- The Ace of Swords is "not always a gentle card; it often pushes you to set aside your idealism or fantasies in favour of a more analytic approach... Every indication is given that success is yours if you can clearly understand and assess the facts, be honest about your motivations, accept the truth of your situation, and take decisive action." It was Euron's truthful / insightful assessment of Theon as a "dickless coward" which prompted Theon to desert his sister (like a rat!) and leave her and her fleet to Euron's mercy at the climax of the show. I'd say Euron perfectly embodied the energy of this Ace! 

I really like this spread - I've been so much more invested in the show, sitting with my notes beside me each week. Yet again, the cards I drew were pretty good too! It's likely that I'll continue this exercise for the rest of the season. What do you think? Would you have taken these (book) interpretations and applied them to the same characters and events as me? Or would you have done it differently? 

¹ The Linestrider Tarot is by Siolo Thompson, published by Llewellyn. Amazon affiliate links are included in this post. Page references are for The Linestrider's Journey book which accompanies the deck.

Media Preview Spread - GoT S7 E1

18 July 2017

***Includes spoilers from the first episode of  Game of Thrones Season 7 ***

A few weeks ago, I came across a 'media preview spread' and decided to give it a try before the new series of Game of Thrones (GoT) aired here in the UK. I found this spread on Facebook, and it was listed as being from, although I couldn't find the original post to link directly. I'm assuming anyone interested in reading this is familiar with the show's characters, however links to the Game of Thrones Wikia website are also provided. 

There are 5 positions in the spread:
1. Something to watch put for in the main character - I decided this should be Jon Snow.
2 to 4. The Main Themes.
5. Something interesting to keep an eye out for. 

For this exercise, I chose The Linestrider Tarot¹ by Siolo Thompson and published by Llewellyn, because it feels like a great match for the show. I decided to take the meanings from the accompanying book, so that I couldn't simply apply my own card interpretations to try to make them fit - the meanings would be given and I'd see if they applied to the show, once I watched it. I pulled the following cards, which I digitally scribbled on with some initial thoughts to post on Instagram, before watching the show. I also made notes in my tarot journal which I've used for the points below.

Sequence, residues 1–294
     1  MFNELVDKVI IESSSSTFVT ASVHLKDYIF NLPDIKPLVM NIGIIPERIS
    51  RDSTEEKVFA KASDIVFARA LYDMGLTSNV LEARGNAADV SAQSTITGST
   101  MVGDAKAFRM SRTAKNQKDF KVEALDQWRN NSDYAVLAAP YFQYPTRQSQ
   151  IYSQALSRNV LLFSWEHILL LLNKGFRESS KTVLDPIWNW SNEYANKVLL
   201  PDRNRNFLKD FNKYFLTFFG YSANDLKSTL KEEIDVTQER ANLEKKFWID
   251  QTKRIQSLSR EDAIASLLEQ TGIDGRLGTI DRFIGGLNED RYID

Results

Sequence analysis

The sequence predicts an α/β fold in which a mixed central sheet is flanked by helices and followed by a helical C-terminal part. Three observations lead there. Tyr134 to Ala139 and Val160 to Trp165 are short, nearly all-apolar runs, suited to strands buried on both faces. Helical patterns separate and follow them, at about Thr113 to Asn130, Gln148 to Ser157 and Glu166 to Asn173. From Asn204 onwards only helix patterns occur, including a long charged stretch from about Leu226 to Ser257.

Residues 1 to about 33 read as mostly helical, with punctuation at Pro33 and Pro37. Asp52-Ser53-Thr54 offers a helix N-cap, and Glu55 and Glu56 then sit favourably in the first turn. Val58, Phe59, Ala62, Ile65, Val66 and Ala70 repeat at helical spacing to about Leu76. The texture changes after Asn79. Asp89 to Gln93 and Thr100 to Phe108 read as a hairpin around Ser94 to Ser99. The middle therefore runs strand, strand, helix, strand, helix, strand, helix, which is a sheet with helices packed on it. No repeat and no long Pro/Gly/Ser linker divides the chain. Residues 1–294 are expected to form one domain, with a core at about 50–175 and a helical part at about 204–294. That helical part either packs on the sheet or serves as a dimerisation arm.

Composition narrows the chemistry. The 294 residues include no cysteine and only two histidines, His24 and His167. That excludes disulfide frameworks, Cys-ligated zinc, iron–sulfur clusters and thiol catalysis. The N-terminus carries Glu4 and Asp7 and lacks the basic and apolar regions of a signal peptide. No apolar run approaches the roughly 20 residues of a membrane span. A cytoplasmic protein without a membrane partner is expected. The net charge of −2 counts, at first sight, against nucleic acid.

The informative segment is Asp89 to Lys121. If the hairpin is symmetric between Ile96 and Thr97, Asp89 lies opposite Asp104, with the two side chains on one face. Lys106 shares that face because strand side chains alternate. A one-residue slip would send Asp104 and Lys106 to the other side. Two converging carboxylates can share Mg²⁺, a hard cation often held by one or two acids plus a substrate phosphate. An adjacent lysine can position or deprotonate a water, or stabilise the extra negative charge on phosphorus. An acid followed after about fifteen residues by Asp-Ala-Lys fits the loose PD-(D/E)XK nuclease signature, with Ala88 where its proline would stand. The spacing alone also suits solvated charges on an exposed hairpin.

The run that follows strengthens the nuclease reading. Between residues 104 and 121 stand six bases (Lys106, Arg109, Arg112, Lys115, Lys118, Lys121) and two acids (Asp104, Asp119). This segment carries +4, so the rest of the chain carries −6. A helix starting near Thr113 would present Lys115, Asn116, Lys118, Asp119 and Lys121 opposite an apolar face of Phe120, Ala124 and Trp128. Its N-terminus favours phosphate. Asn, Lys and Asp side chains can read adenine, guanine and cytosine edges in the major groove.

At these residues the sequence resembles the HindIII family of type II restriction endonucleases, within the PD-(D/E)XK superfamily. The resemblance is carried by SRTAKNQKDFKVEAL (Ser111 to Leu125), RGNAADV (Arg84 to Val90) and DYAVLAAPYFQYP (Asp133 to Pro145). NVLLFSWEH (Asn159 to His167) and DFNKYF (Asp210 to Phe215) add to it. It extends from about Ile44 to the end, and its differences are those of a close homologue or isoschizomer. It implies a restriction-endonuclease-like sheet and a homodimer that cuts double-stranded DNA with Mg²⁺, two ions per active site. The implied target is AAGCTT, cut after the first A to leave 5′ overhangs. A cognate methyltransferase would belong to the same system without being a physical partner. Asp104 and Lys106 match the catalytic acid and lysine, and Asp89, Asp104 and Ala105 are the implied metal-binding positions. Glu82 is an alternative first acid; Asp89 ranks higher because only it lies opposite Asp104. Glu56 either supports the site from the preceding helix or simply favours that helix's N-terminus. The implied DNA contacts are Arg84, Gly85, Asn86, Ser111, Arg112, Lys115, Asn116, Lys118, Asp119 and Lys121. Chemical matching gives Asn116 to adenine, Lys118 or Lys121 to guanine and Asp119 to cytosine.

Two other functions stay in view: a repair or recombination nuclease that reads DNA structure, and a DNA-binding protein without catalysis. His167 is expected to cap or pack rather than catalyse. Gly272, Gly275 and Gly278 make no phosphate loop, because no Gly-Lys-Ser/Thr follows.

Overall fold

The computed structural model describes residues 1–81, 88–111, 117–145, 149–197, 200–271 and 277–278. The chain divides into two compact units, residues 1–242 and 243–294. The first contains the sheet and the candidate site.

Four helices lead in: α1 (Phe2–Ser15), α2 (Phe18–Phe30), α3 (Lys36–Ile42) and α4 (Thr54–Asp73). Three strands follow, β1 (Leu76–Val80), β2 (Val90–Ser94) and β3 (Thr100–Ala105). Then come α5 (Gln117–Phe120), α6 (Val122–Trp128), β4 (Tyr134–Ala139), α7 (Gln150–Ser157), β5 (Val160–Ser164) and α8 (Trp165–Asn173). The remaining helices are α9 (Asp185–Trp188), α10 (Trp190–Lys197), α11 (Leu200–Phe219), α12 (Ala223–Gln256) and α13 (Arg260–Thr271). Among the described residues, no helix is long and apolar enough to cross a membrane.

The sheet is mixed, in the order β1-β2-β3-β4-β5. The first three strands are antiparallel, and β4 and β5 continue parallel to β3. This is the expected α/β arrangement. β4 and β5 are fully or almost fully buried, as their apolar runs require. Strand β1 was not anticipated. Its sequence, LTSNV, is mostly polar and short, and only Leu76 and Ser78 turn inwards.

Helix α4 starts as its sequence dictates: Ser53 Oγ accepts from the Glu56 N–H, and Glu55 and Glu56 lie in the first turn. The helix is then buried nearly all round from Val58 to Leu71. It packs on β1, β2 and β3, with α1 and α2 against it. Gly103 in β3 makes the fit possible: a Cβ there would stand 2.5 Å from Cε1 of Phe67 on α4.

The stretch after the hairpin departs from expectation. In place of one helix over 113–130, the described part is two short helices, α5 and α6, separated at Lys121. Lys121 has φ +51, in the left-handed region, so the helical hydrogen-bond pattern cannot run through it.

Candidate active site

Click on any of the images for an enlarged view.  

Immediately after pulling the cards, I was interested to note the appearance of (1) Stags, which are the sigil of House Baratheon and also  (2) the Page of Wands, a young inexperienced, and quite erotic looking woman, pictured with a DRAGON - obviously representing Daenerys Targaryen, plus (3) the King of Swords as Jon. Here's why:

King of Swords, by Siolo Thompson
Card 1. The King of Swords - A perfect card to represent Jon Snow - it also looks a bit like a sword defeating a white walker. Check out this description...
The King of Swords is intelligent, truthful, and a strong ally. He believes in order, systems, and the value of following the rules. He is often a boss, employer, mentor, or community figure. His strengths are many; intellect, good judgment, a tactical mind. However he can also be cold, harsh and inflexible. This card may show up when you need to take your heart out of a situation and bring your intellect to the table instead... to cut to the truth of the matter. - Extract from The Linestrider's Journey, p. 226
It seemed that Jon Snow would need to make a logical decision in this episode, without his heart clouding his judgement. This is something he has had to do on many occasions, so there was nothing very surprising about that.

What about the main themes?

Card 2. Three of Wands - New beginnings, long term plans, opportunities for co-operation and partnership. And maybe something to do with House Baratheon, indicated by the stags on the illustration. There are no 'official' Baratheons left and Gendry's whereabouts are currently unknown - he's the bastard son of Robert Baratheon, and the only 'heir' that we are aware of.

Three of Wands and Five of Cups, by Siolo Thompson

Card 3. Five of Cups - This card indicates negative thinking, a focus on grief and trouble of letting go of the past. It can indicate "former hardship, pain, or heartbreak is a prime component of the person you have become"². So one of the themes would have something to do with this, but honestly this could apply to any one of the characters, so I was none the wiser.

Card 4. Page of Wands - As well as being depicted as a long-haired young blonde woman with a nest of dragons, this card represents 'energy, youth, new beginnings, loyalty, messenger, studiousness, childishness, new erotic adventure'³. This is a pretty good description of Daenerys. She is young and inexperienced and very passionate about following her calling to reclaim the throne. The Page can represent a new phase and in the book, Siolo Thompson says "this card may show up when someone young and dynamic enters your world and shake things up" - that's exactly what the Queen of Dragons is all about!

Page of Wands and Seven of Swords by Siolo Thompson